Sodium-ion batteries based on renewable raw materials

January 30th, 2024

The demand for energy storage is growing worldwide. Lithium-ion batteries will only cover them to a limited extent due to the use of critical raw materials. The search for alternative battery technologies is therefore in full swing: A promising project called “four-volt sodium-ion battery” (4NiB) is expected to make progress here. In the project, the HIU, together with the Center for Solar Energy and Hydrogen Research Baden-Württemberg (ZSW) and three renowned partners, is developing sodium-ion batteries that are not only powerful and cost-efficient, but also represent an environmentally friendly alternative. It is planned that organic waste will also be used. The batteries should be tailored to electric vehicles in city traffic and stationary battery storage. The Federal Ministry of Education and Research (BMBF) is funding the project with 1.35 million euros over a period of three years under funding number 03XP0572.

In addition to the ZSW and the HIU in Ulm, the Karlsruhe Institute of Technology (KIT) and the Forschungszentrum Jülich GmbH with the Institute for Energy and Climate Research are among the project partners of the 4NIB consortium. Another partner is the Albert Ludwigs University of Freiburg with the Freiburg Materials Research Center (FMF).

4,700 gigawatt hours by 2030

In future scenarios for a sustainable energy supply, batteries are a key element and indispensable, especially for storing electricity generated from renewable sources and for electromobility. The forecast increase in the need for energy storage from 700 gigawatt hours (2022) to 4,700 gigawatt hours (2030) requires not only the production of the batteries, but also the provision of the significant amounts of raw materials required for this.

Sodium instead of lithium

A currently young but rapidly emerging technology is sodium-ion batteries. In them, sodium takes over the job of lithium. Sodium is available in large quantities and is inexpensive because it can be obtained, for example, from sodium chloride (sea salt).

The other key materials of sodium ion batteries do not contain cobalt, nickel or lithium and can therefore be produced without critical raw materials. By eliminating expensive copper foils in the battery and replacing the graphite currently used in lithium-ion batteries with alternative carbon compounds that can be obtained from renewable raw materials, not only can costs be reduced, but sustainability can also be further improved.

Such sodium-ion batteries are already being commercialized in China, so Europe needs to follow suit as quickly as possible. However, it will still be a few years before it becomes a truly mass-produced product because a lot of this new type of battery needs to be optimized.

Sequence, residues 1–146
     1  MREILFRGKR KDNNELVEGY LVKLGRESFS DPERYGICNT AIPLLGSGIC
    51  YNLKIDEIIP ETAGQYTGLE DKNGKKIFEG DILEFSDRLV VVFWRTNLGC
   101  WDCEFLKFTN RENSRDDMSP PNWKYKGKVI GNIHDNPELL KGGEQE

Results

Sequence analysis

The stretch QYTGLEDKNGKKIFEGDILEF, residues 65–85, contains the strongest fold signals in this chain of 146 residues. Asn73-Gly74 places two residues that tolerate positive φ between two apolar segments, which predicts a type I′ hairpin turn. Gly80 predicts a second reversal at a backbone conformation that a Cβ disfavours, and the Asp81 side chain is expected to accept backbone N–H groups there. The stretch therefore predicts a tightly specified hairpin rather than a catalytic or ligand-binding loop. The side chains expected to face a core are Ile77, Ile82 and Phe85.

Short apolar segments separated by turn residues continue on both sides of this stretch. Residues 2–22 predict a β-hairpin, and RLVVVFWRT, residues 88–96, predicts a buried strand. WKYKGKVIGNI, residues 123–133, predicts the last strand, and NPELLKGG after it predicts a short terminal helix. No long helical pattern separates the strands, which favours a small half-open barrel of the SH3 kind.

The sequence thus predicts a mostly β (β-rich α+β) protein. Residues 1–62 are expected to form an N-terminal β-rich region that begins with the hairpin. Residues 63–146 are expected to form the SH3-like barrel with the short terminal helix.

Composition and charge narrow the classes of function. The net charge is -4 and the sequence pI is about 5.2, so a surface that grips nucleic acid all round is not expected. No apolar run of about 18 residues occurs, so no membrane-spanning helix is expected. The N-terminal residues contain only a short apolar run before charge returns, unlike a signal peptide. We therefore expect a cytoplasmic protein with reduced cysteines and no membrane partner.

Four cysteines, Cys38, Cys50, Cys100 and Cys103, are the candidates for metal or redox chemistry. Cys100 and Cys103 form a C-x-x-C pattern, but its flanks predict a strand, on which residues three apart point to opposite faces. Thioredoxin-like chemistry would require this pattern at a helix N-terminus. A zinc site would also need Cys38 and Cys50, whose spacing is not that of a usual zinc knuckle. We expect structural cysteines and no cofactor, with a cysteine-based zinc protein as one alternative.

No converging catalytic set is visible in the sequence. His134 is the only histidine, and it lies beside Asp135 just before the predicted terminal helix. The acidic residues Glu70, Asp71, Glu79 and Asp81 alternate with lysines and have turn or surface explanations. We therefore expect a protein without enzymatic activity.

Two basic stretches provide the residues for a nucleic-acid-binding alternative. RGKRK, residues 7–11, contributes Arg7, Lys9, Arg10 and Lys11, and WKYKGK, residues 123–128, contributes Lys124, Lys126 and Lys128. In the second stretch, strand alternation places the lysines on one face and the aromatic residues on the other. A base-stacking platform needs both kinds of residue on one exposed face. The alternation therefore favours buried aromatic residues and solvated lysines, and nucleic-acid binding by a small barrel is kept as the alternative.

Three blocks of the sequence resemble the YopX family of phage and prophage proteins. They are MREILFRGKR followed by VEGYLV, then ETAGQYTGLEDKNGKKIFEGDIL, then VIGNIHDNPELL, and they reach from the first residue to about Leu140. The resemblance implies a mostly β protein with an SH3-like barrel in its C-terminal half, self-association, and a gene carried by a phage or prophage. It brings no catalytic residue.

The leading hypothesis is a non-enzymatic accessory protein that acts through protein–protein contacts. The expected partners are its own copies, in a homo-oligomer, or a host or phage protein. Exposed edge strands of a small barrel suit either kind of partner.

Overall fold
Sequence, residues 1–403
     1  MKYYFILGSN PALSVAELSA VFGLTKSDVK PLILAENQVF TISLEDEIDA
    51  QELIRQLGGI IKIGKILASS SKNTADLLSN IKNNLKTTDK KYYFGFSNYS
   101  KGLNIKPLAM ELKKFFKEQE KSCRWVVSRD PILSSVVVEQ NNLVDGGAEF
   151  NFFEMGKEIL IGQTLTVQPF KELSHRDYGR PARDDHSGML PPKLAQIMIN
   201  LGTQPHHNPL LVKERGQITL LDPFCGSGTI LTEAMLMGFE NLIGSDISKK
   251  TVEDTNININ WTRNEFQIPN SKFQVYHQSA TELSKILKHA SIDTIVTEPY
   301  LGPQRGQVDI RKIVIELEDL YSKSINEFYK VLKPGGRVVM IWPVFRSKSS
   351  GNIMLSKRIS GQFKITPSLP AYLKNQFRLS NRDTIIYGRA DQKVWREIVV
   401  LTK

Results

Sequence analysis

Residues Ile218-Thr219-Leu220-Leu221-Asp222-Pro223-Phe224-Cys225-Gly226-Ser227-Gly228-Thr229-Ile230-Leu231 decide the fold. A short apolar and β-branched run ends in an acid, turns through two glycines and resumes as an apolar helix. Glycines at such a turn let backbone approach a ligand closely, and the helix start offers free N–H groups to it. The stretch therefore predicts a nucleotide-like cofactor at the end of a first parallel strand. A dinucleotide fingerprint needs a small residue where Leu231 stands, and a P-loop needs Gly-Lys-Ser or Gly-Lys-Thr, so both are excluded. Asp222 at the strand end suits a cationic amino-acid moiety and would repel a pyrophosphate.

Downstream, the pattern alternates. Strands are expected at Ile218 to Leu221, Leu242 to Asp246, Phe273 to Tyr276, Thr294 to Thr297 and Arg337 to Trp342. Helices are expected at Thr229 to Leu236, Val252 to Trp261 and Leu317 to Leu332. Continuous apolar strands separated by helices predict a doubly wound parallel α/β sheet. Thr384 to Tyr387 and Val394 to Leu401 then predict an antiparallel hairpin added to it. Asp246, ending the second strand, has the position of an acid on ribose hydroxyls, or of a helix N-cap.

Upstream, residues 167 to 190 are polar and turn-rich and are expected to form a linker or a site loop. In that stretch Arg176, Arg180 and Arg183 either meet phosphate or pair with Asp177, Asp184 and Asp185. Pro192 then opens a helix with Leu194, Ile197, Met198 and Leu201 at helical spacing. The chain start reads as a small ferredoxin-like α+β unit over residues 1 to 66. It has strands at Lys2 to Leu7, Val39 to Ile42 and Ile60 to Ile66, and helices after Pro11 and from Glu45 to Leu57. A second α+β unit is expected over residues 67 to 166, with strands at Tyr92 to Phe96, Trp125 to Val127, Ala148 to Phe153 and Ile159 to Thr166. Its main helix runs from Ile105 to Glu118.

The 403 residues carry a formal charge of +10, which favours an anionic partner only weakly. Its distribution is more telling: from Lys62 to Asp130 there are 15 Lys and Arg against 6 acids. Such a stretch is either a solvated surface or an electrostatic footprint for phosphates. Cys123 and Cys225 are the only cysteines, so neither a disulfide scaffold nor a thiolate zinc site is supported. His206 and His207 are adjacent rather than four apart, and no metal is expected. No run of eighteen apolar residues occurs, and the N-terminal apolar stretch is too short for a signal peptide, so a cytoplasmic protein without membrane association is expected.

Revolutionary anode technology: Hard carbon replaces graphite

The focus of the four-volt sodium-ion battery project is the development and optimal coordination of anodes, cathodes and electrolytes in order to realize a powerful, cost-effective and environmentally friendly sodium-ion battery. The main goal of the project is to present a high-performance cell in pouch format that achieves a specific energy of over 200 watt-hours per kilogram.

On the cathode side, the focus is on the development of high-voltage cathodes with four volts. The focus here is on the development of safe, high-voltage-stable mixed phosphates made from polyanions. Simulations are used to determine the optimal composition of the transition metals used in order to maximize the stored energy. The anode is made on the basis of hard carbon from organic waste, using preliminary products that are plentiful in Germany.

The electrolyte will be a non-aqueous liquid to which a so-called ionic liquid can be added to increase conductivity and safety. Strategies for pre-charging (pre-sodizing) such batteries should also be developed in order to maximize the energy in the battery.

About ZSW

The Center for Solar Energy and Hydrogen Research Baden-Württemberg (ZSW) is one of the leading institutes for applied research in the major topics of the energy transition: photovoltaics, wind energy, batteries, fuel cells, electrolysis, eFuels, circular economy, policy advice and the use of AI for process and system optimization. Together with industry, we pave the way for new technologies to enter the market. More than 300 colleagues and around 100 research and student assistants work at the ZSW locations in Stuttgart and Ulm. The ZSW operates a test field for wind energy and another test field for PV systems. The ZSW is a member of the Baden-Württemberg Innovation Alliance (innBW), an alliance of ten business-related research institutions.

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